Senate President, David Mark, has attributed unnecessary interference in the job of the head coach of the Super Eagles as the reason why Stephen Keshi resigned from the post on Monday, 24 hours after leading Nigeria to win her third Africa Cup of Nations title.
Mark who spoke with Keshi on the telephone admitted that the Eagles coach told him that he was being compelled by the football authorities to accept the coming of a foreign technical adviser into the team's management.
The senate president who made this disclosure during the plenary session of the Senate, said the coming of technical advisers would not be necessary since Nigerians were happy working with the ex-international.
While advising the Ministry of Sport and the Nigeria Football Federation to give Keshi a free hand to do his job, said that Keshi would retain his job provided no foreign technical adviser would be foisted on him.
"There was a lot of pressure on him that he must accept a foreign technical adviser but Keshi was opposed to the idea because he believes that there are Nigerians who can effectively work with him to get the desired results.
"He however said he was sorry that he had to put in his resignation but I think he is prepared to rescind it provided we don't force foreign Technical Adviser on him and I think once we give him the team to manage, we should give him a free hand to do his job.
"Whatever way he goes to get the result should not be our problems because once we begin to meddle in the way he is going to run and manage the team, it will send a wrong signal. So, the Sport Ministry should allow him to bring results without interference," Mark said.
The Senate President who led Nigeria's delegation to the final game in Johannesburg on behalf of President Goodluck Jonathan who was unavoidably absent, said he was shocked to see that the disposition of many other countries to Nigeria during the match on Sunday was negative.
He added that apart from Nigerians who were supporting the Eagles, nearly all the foreigners at the Soccer City wanted Burkina Faso to defeat Nigeria.
He tasked Nigerians to learn to believe in themselves adding that if Nigeria is the giant of Africa, it should reflect in development and every sphere of life.
Mark also hailed the victory of Super Eagles at the 2013 AFCON tournament and called on the Federal Government to adequately reward the team for doing the nation proud.
After the motion which was moved by Deputy Senate President, Ike Ekweremadu, and supported by 107 other, the senators gave a standing ovation to the Eagles and passed a vote of confidence on Keshi and his technical crew.
They also congratulated President Jonathan on the achievement and urged Keshi to rescind his resignation.
In his contributions to the debate, Senator Ganiyu Solomon (Lagos Central), said Nigerians should re-intensify the commitment to sport and not leave it only to government.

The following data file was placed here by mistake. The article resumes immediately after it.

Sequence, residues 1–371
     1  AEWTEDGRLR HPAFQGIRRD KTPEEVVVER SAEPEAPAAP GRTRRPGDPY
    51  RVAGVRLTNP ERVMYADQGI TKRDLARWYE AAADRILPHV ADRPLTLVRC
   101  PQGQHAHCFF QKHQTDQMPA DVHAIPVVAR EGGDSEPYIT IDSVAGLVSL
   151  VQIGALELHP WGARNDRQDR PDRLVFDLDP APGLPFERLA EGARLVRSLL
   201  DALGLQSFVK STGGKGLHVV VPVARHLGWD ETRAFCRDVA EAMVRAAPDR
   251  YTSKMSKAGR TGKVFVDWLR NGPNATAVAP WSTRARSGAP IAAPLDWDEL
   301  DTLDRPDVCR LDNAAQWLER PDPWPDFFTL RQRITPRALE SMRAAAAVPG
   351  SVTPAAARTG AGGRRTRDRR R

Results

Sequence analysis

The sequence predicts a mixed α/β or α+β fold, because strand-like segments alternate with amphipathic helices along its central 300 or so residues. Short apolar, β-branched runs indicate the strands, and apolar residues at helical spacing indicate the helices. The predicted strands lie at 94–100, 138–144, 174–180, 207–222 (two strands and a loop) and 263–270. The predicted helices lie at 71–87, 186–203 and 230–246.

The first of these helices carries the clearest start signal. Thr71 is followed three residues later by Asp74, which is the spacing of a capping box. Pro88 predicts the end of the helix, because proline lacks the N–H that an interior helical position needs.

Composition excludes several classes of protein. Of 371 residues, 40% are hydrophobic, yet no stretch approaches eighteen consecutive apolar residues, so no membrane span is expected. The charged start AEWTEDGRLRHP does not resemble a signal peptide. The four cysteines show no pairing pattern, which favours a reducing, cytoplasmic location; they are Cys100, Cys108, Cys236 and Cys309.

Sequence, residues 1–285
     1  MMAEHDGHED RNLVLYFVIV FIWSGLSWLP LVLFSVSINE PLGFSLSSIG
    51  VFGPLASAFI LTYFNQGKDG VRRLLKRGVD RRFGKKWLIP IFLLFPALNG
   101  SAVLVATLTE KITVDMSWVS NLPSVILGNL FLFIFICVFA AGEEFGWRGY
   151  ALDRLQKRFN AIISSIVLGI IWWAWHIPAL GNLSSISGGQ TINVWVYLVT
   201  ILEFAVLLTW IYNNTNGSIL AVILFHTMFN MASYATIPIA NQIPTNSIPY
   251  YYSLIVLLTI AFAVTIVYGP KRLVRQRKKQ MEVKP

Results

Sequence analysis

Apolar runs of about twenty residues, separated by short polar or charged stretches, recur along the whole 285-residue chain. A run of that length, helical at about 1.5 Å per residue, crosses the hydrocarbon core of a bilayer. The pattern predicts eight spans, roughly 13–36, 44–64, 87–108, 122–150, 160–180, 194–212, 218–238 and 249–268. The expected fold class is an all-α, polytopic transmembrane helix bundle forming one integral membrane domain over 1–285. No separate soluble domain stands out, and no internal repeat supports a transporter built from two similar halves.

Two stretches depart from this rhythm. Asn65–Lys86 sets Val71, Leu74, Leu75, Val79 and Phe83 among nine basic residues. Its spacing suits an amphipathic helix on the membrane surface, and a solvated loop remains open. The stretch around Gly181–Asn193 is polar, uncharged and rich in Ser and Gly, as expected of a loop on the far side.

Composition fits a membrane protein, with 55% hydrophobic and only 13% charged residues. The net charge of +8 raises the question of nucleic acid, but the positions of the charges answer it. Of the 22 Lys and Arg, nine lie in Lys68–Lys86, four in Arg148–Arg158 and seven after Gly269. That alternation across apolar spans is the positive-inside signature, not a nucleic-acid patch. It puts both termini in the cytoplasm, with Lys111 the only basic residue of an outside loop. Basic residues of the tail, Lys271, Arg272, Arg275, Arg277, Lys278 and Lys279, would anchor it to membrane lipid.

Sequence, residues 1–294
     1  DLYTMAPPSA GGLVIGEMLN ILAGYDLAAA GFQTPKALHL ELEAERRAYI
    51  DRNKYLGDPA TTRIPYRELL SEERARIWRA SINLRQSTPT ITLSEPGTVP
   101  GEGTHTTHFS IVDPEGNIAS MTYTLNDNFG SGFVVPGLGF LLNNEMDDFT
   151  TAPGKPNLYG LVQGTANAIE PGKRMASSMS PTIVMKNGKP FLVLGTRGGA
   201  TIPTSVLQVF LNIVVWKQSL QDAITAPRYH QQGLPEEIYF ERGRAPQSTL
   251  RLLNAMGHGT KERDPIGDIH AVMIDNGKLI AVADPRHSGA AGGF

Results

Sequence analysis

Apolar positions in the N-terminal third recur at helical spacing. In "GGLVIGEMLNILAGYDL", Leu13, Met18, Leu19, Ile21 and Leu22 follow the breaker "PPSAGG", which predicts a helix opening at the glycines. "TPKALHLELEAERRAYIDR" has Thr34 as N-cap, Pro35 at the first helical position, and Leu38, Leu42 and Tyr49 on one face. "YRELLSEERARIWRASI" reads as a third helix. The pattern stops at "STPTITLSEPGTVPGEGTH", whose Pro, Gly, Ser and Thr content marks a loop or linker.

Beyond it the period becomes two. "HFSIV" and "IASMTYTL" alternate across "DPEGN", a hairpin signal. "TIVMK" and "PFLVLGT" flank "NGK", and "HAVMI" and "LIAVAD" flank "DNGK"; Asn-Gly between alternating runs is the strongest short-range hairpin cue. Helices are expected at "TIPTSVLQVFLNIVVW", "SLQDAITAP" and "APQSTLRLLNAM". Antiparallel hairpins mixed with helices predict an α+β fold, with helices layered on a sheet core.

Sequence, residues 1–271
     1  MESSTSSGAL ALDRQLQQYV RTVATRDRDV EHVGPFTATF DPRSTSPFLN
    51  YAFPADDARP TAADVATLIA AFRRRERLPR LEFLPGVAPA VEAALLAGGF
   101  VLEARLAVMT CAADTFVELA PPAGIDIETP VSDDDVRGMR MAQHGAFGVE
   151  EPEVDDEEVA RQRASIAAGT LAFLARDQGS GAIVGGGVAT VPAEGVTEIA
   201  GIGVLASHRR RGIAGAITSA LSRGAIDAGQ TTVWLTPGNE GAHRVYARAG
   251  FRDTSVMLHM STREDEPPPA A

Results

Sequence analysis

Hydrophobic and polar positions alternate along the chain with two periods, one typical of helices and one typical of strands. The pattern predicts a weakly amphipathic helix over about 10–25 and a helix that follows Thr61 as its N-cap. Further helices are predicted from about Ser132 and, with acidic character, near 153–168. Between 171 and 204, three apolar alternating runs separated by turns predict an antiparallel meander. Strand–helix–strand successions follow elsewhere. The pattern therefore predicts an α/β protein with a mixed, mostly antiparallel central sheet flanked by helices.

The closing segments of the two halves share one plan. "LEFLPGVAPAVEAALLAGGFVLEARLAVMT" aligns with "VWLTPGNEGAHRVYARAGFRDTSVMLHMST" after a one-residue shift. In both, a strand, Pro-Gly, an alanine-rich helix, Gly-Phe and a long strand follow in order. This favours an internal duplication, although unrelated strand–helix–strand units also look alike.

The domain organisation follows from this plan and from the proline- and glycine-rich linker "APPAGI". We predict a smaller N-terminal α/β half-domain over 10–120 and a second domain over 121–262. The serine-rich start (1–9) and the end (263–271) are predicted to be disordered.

He called for a return to the grassroots to get fresh talents.
Also speaking, Senator Abdul Ningi (Bauchi Central), said as a Nigerian, he had never felt so proud as he did on the victory last Sunday.
He commended the high spirit of patriotism among the players, saying it is an opportunity to tell the government that issues of religion and ethnicity were secondary to Nigerians.
In the same vein, the Leader of the Senate, Senator Ndoma-Egba, said: "The lesson is that with determination, we can rise again. It is also a lesson that with the Nigerian spirit, these same Eagles were four goals down in a match and came back to equalise in Damman, Saudi Arabia in 1989 to win the match. The lesson here is that there might be merit in local content. It is a lesson that we Nigerians can do it and do it very well. That is the least that we can do for our local talents. We must seize the moment and translate this victory to other aspects of our nation. It must ginger us to find victory over poverty. Victor Moses has become a metaphor for patriotism. The story of Victor is a lesson to us the politicians," he said.
Keshi who shook the nation with the news of his resignation on Monday rescinded his decision to quit as Nigeria coach Tuesday before leaving Johannesburg for Abuja.
In a statement signed by the coach and made available to sports writers early hours of Tuesday by the Nigeria Football Federation (NFF), Keshi said he will continue as Eagles coach after an intervention by Sports Minister, Mallam Bolaji Abdullahi.
"I have had cause to express my displeasure over some issues that happened in the course of our participation in the AFCON 2013, which my team won by the grace of God, especially concerning my relationship with the Nigerian Football Federation, I have since had opportunity to discuss the various issues with all concerned. I am therefore pleased to say that I have reconsidered my position and have decided to continue with my job," according to the statement signed by Keshi.
"I want to thank the Honourable Minister of Sports, Mallam Bolaji Abdullahi, for his swift and kind intervention."
The 51-year-old Keshi, who took over as Nigeria coach in November 2011, has a four-year contract.